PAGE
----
B.O.B. liquor license suspension upheld

GRAND RAPIDS, Mich. (WOOD) — After two attempts at overturning the decision, the order to temporarily suspend The B.O.B.’s liquor license stands.

Kent County Circuit Court Judge George Buth ruled Thursday afternoon that the Michigan Liquor Control Commission made no error in its decision to suspend the liquor license issued to The B.O.B. for 10 days following the deadly fall of Kevin O’Brien last year.

O’Brien was one of three men to die after falling down a stairwell at the B.O.B, a Grand Rapids bar and restaurant establishment located at 20 Monroe Ave. The falls happened in separate incidents over the past several years. The stairwell has now been modified to prevent falls.

The 10-day suspension came as The B.O.B.’s owners were appealing the initial ruling to suspend the license for three days. At the conclusion of the first appeal, the LCC opted to enhance the suspension — rather than rescind it as The B.O.B.’s owners wanted.

Following that ruling, The B.O.B.’s owners appealed to the Kent County Circuit Court, where Judge Buth heard oral arguments Thursday afternoon.

“I think we all know what the real reason is here. The fact is that this evening ended for Kevin O’Brien with a tragic fatal accident that claimed this young man’s life,” Todd Dickinson, an attorney representing The B.O.B, said in court. “That’s something we should never forget, but it’s not something that should control the outcome of this case.”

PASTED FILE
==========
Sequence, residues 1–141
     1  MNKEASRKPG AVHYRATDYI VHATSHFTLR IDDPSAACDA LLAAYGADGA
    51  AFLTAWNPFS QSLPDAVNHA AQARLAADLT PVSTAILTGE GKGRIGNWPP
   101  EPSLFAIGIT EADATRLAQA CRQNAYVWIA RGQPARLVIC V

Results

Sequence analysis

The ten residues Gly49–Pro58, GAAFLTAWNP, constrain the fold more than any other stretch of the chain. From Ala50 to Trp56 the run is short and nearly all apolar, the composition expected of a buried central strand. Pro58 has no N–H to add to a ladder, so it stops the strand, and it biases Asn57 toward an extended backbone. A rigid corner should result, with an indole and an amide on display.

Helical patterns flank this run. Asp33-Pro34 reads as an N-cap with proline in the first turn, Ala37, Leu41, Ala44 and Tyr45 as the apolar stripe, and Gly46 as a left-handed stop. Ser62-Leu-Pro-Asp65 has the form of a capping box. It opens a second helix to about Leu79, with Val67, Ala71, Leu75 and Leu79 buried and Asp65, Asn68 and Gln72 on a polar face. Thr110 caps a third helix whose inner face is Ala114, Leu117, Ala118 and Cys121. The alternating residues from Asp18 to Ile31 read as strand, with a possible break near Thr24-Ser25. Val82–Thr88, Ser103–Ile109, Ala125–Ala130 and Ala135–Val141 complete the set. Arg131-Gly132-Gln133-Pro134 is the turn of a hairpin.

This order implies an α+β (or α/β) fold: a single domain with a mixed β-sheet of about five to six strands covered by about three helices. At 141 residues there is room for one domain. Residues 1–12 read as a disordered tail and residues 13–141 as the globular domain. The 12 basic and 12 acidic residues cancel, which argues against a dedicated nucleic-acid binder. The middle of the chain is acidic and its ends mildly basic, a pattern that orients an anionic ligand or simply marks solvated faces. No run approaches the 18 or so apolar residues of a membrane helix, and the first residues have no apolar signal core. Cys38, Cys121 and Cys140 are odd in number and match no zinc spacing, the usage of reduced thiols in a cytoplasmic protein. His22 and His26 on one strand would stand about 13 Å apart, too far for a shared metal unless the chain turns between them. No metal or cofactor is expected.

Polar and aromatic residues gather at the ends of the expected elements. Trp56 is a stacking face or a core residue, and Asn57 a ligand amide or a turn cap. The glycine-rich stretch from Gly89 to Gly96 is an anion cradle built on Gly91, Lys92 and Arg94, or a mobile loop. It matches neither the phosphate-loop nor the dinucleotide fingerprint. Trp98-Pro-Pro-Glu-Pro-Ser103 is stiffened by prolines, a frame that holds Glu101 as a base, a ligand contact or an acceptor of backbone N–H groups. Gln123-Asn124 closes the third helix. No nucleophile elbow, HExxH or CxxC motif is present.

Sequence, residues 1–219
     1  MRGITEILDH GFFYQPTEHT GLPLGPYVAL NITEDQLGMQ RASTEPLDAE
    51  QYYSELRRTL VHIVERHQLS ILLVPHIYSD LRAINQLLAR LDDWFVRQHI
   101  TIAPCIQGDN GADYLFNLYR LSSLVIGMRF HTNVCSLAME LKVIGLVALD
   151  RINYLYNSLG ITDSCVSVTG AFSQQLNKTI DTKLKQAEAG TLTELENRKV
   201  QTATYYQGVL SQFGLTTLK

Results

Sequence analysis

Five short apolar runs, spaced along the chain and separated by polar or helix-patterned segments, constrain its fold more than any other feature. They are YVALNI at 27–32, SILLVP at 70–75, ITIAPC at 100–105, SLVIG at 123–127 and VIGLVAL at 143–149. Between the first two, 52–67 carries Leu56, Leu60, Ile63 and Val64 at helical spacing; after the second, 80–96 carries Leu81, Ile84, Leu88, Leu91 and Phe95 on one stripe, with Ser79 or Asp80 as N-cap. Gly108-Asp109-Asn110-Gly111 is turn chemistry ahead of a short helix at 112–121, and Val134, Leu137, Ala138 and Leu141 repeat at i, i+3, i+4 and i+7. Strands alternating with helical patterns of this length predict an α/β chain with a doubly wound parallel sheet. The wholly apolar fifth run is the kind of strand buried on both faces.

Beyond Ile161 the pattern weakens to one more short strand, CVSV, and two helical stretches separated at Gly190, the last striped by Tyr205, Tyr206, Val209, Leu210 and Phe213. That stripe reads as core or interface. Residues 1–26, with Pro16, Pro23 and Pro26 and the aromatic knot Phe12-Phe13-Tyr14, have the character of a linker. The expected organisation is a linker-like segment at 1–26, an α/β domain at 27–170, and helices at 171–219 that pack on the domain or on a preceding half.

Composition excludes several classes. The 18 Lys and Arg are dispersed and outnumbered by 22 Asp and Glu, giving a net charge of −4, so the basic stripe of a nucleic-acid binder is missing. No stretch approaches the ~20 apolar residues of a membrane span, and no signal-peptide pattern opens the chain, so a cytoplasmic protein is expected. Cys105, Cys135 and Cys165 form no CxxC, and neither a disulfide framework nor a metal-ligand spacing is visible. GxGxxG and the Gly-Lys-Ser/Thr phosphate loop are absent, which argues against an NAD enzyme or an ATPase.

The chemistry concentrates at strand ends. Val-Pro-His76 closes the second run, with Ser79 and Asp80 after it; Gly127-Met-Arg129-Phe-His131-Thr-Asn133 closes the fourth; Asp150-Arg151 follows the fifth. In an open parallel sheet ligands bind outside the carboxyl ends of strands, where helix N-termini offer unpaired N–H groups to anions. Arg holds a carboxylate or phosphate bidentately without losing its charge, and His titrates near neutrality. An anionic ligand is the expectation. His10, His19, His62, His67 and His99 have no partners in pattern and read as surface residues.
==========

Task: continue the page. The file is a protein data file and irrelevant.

The B.O.B. representatives contend that there was no way for staff at the nightclub to know that O’Brien was drunk, but the LCC attorneys said testimony revealed that there were outward signs that O’Brien had too much to drink the night he died.

In a three-paged written ruling, Buth addressed the concerns raised in the request for appeal, saying that he found the LCC’s decision was within the law.

“No appeal is warranted,” Buth concluded.

Representatives for LCC said that no decision had been made on when the suspension might take place. Officials were waiting to talk with attorneys for The B.O.B. before commenting further.

The B.O.B. can appeal Buth’s ruling.

The B.O.B. released a statement Friday: We are disappointed with the court’s ruling, but intend to continue to seek vindication of our position through the court system. We have always believed that our alcohol safety training program for the staff of The B.O.B. meets and exceeds MLCC standards and that the evidence shows that our staff performed properly on the night in question. Our continued concern, and a concern all establishments that serve alcohol should have, is that if a person is not visibly intoxicated, you can still be held responsible for their actions, which are unknown to the establishment. That puts enormous risk on every licensee.

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